Key takeaways

  • Lenders typically require that student loan money be used towards school expenses and basic living necessities.
  • Leisure activities and luxury purchases, such as taking a vacation or buying high-end clothing, aren't valid uses of a student loan and could land you in trouble with your lender.
  • Create a budget and look for ways to cut spending so that you're only borrowing and paying interest on what you need.

When you take out a private student loan, spending the cash on whatever you want can be tempting. But it’s important to remember that the money isn’t a windfall — and your lender isn’t writing you a blank check.

You can usually borrow only up to the cost of attendance, minus other financial aid, and the lender will set rules on how you can spend the money you borrow. Generally, you can use private student loans for living expenses and education costs. If you spend student loan money on non-approved expenses, the lender may terminate the loan. You’ll also pay student loan interest rates for expenses that aren’t necessary. Here’s a closer look at what falls into approved categories.

What you can spend your private student loans on

Every private lender has its own rules about using loan funds, so check your loan documents or contact your lender for details. So, what can private student loans be used for? Borrowers can typically use private student loans for living expenses and for educational costs only. Whether they be first-year costs or expenses later on, they may include:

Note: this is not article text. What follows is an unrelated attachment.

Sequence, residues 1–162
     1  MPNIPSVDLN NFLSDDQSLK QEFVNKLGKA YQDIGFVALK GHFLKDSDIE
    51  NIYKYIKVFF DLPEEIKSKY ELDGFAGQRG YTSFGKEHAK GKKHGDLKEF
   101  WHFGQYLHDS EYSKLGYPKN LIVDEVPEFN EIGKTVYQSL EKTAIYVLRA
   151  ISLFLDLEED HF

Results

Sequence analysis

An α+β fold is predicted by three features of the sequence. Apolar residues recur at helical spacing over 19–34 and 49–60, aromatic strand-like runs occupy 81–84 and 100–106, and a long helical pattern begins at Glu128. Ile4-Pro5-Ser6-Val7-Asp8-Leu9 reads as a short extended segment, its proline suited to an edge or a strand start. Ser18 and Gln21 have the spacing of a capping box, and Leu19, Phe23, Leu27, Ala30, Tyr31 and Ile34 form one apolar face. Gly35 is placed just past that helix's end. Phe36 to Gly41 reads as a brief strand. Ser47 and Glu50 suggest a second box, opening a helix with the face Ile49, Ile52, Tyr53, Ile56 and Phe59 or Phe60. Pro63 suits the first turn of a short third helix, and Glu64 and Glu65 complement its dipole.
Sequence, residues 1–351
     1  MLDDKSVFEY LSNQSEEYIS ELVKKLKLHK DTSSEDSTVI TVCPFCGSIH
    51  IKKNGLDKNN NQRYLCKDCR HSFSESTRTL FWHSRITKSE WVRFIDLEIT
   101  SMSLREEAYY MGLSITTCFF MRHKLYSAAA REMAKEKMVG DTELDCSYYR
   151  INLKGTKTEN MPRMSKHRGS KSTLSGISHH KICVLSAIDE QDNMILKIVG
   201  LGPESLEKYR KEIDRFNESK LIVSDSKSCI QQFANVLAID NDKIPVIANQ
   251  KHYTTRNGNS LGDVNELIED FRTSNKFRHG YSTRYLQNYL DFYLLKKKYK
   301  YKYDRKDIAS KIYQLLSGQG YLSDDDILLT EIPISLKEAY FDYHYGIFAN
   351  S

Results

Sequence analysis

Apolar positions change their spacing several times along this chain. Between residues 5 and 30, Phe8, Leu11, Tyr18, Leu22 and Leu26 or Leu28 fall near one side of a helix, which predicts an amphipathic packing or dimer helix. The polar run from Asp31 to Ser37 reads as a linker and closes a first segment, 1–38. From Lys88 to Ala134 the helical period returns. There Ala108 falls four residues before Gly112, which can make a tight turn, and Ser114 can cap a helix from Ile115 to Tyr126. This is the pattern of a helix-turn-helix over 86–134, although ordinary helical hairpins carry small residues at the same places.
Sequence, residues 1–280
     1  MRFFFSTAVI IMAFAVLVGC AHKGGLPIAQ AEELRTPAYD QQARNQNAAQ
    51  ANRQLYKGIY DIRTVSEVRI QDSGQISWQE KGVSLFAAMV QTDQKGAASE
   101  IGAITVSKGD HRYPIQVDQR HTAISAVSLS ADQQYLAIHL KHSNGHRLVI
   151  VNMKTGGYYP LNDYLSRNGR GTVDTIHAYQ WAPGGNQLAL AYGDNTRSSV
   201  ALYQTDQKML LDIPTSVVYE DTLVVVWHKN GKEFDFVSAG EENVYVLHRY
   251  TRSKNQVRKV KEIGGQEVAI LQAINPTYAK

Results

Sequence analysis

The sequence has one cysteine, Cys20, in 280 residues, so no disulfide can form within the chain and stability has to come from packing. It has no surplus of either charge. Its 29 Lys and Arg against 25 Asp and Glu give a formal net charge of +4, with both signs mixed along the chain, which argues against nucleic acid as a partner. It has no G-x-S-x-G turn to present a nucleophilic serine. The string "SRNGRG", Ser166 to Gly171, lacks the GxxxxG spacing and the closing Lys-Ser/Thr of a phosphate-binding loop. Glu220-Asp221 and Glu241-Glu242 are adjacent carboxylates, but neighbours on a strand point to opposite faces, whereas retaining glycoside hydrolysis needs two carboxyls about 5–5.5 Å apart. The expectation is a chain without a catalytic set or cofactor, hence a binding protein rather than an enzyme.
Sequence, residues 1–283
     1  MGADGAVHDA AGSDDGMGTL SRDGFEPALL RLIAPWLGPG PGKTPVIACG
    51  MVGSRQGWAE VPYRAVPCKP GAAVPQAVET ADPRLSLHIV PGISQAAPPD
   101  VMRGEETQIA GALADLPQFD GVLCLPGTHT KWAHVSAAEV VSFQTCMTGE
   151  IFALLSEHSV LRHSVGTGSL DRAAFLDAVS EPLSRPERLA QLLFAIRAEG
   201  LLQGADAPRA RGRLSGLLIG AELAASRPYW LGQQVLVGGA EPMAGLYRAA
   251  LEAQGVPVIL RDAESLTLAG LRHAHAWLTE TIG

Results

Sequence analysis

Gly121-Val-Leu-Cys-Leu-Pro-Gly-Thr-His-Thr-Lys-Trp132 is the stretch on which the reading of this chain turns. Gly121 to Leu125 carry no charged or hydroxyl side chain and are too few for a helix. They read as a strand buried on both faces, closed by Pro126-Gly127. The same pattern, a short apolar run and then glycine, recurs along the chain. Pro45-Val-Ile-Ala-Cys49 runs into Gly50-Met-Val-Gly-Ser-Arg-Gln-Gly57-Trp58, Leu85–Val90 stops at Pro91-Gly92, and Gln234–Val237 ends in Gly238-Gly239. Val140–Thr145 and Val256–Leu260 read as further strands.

• College tuition: Private student loans are usually used to pay for tuition: the basic cost of enrolling in classes. This is typically the largest education-related expense that makes up the average cost of college.
  • Fees: Your school might charge academic fees associated with your degree program or institutional fees that cover things like parking at the school and using campus facilities. Your loans can cover these costs.
  • Room and board: Private student loans can pay for living expenses and meals while you’re enrolled in school. These may include on-campus housing, like a dorm room and cafeteria meal plan, or off-campus housing expenses, like rent for an apartment, utilities and groceries.
  • Books and supplies: Student loans also cover supplies you need for class, including textbooks, pens, notebooks and backpacks.
  • Transportation: While you can use private loans to pay for the costs of getting to class — like gasoline, parking passes, bus passes and highway tolls — you can’t buy a car with your loan funds.
  • Equipment: If you need equipment to participate in your classes, like a laptop, software program or camera, you can use loan funds to cover the costs.
  • Dependent care expenses: You may be able to use private student loans to pay for child care or adult care while you attend classes.

What you shouldn’t spend your private student loans on

Check your loan agreement for approved uses and avoid spending on non-essentials, travel or repaying other debts.